In Whitman's Hand


About this Item

Title: The idea of reconciliation

Creator: Walt Whitman

Date: Between 1854 and 1860

Whitman Archive ID: loc.05180

Source: The Thomas Biggs Harned Collection of the Papers of Walt Whitman, 1842–1937, Library of Congress, Washington, D.C. Transcribed from digital images of the original. For a description of the editorial rationale behind our treatment of manuscripts, see our statement of editorial policy.

Editorial note: A version of the second paragraph of this manuscript appears toward the end of the preface to the 1855 edition of Leaves of Grass: "No great literature nor any like style of behaviour or oratory or social intercourse or household arrangements or public institutions or the treatment by bosses of employed people, nor executive detail or detail of the army or navy, nor spirit of legislation or courts or police or tuition or architecture or songs or amusements or the costumes of young men, can long elude the jealous and passionate instinct of American standards" (xii). Edward Grier dates the manuscript after 1857 because it is written on the reverse of a City of Williamsburgh tax form (Notebooks and Unpublished Prose Manuscripts [New York: New York University Press, 1984], 1:400). Scholars, following Fredson Bowers, have generally assumed that Whitman used the Williamsburgh tax forms from 1857 to 1860, while he was working at the Brooklyn Daily Times. The city of Williamsburgh was incorporated with Brooklyn effective January 1855, so the forms would have been obsolete after that date (Whitman's Manuscripts: Leaves of Grass [1860] [Chicago: University of Chicago Press, 1955], xli–xliii). Most of the manuscripts Whitman wrote on the tax forms can be dated to the late 1850s. Bowers also notes, however, that Whitman may have used the forms over a considerable span of time, and that "it is not impossible that Whitman had picked up these tax forms for scrap paper at Rome Brothers at some unknown date in 1854 or early 1855, or later" (xliii). At least two of the tax forms Whitman used were dated 1854 (see, for instance, "Vast national tracts"), but as Grier points out, this may not correspond to the date of Whitman's writing (5:1946). Whitman may have found a stack of obsolete Williamsburgh forms in 1857 that included discarded draft forms dated earlier. Although this manuscript matches wording in the preface to the 1855 edition, Whitman copied out sections of the preface in several later manuscripts, and the revision from "much longer" to "permanently" suggests that here Whitman may have been revising away from the preface version here as well. The manuscript is thus difficult to date conclusively, but it was almost certainly written after 1854 and probably before 1860.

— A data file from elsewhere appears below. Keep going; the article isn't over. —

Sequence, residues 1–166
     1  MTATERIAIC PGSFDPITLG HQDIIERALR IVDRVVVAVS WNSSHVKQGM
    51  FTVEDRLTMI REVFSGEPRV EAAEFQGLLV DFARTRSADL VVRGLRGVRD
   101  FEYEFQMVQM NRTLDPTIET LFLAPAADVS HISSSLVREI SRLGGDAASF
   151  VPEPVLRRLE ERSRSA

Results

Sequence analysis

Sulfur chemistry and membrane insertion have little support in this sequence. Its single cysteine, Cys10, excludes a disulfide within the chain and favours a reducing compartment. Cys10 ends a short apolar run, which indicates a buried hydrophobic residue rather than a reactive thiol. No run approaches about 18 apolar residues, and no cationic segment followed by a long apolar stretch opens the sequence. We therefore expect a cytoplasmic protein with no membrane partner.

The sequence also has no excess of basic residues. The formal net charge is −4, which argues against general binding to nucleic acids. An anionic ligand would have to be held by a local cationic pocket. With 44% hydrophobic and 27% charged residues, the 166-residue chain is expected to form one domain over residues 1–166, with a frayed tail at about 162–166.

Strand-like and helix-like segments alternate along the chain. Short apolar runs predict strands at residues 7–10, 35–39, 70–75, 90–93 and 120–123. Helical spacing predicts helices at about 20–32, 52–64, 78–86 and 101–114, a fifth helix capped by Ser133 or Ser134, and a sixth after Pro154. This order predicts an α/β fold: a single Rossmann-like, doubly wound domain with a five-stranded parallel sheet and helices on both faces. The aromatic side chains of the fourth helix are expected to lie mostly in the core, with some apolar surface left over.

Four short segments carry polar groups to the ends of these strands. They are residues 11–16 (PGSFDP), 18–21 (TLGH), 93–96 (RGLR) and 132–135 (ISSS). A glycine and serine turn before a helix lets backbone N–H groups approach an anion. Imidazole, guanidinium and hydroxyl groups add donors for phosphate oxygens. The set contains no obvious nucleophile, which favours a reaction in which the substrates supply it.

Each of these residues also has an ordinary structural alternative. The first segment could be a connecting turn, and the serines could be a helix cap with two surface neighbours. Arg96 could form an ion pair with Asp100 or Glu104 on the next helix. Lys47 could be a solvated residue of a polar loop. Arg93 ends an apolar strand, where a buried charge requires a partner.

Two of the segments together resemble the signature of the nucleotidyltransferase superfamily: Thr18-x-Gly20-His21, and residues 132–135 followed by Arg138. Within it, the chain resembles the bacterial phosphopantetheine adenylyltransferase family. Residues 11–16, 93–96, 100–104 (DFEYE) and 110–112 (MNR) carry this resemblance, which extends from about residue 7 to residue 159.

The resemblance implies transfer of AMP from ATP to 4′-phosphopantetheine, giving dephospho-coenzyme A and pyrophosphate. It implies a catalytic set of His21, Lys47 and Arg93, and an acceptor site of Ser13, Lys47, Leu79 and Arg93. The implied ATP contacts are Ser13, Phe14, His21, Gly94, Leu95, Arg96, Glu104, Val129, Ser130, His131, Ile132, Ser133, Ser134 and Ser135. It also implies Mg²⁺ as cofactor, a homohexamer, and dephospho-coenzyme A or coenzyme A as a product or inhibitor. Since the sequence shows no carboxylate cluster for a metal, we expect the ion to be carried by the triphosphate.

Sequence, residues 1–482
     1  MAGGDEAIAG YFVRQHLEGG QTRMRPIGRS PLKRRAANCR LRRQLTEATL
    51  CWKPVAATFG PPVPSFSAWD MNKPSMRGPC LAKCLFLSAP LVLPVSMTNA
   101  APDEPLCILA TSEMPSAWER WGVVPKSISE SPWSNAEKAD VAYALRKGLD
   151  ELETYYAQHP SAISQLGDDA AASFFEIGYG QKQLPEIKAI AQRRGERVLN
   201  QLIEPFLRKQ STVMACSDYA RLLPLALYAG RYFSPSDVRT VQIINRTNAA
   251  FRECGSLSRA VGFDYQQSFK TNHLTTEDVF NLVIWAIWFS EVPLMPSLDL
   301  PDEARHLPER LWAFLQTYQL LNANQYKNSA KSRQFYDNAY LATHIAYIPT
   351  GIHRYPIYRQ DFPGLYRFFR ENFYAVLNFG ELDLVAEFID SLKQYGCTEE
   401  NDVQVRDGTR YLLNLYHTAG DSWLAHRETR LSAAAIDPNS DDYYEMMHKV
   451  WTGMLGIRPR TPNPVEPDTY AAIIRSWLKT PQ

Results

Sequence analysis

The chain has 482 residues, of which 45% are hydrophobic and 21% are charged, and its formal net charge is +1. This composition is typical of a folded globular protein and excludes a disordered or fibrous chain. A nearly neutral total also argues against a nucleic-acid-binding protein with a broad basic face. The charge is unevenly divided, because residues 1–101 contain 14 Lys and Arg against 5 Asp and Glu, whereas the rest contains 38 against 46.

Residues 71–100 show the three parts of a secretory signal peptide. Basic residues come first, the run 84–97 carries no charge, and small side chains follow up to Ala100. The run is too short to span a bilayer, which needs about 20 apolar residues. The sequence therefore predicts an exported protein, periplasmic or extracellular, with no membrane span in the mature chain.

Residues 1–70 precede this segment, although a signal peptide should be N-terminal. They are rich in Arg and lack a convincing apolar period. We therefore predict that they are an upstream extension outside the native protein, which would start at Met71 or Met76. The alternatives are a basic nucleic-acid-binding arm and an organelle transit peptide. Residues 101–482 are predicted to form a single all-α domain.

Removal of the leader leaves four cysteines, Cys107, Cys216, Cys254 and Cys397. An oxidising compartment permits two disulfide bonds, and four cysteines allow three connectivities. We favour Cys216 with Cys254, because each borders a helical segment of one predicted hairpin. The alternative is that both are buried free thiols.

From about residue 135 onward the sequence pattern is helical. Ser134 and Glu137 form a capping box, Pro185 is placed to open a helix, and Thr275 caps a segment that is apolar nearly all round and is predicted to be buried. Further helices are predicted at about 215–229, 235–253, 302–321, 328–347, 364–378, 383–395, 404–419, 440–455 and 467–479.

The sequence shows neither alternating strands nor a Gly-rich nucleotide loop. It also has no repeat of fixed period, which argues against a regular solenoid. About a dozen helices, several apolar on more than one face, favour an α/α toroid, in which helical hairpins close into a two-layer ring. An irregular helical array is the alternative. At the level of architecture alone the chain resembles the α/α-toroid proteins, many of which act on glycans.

Contributors to digital file: Jeannette Schollaert, Kevin McMullen, Nicole Gray, Kenneth M. Price, and Brett Barney

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The idea of reconciliation—that what has been done, is consumed—Ever, out of its ashes, let new, sweeter, more amicable fruits ripen.—

The idea that no style of behaviour, or dress, or public institutions, or treatment by bosses of employed people, and nothing in the army or navy, nor in the courts, or police, or tuition, or amusements, can much longer permanently elude the jealous and passionate instinct of American standards.—

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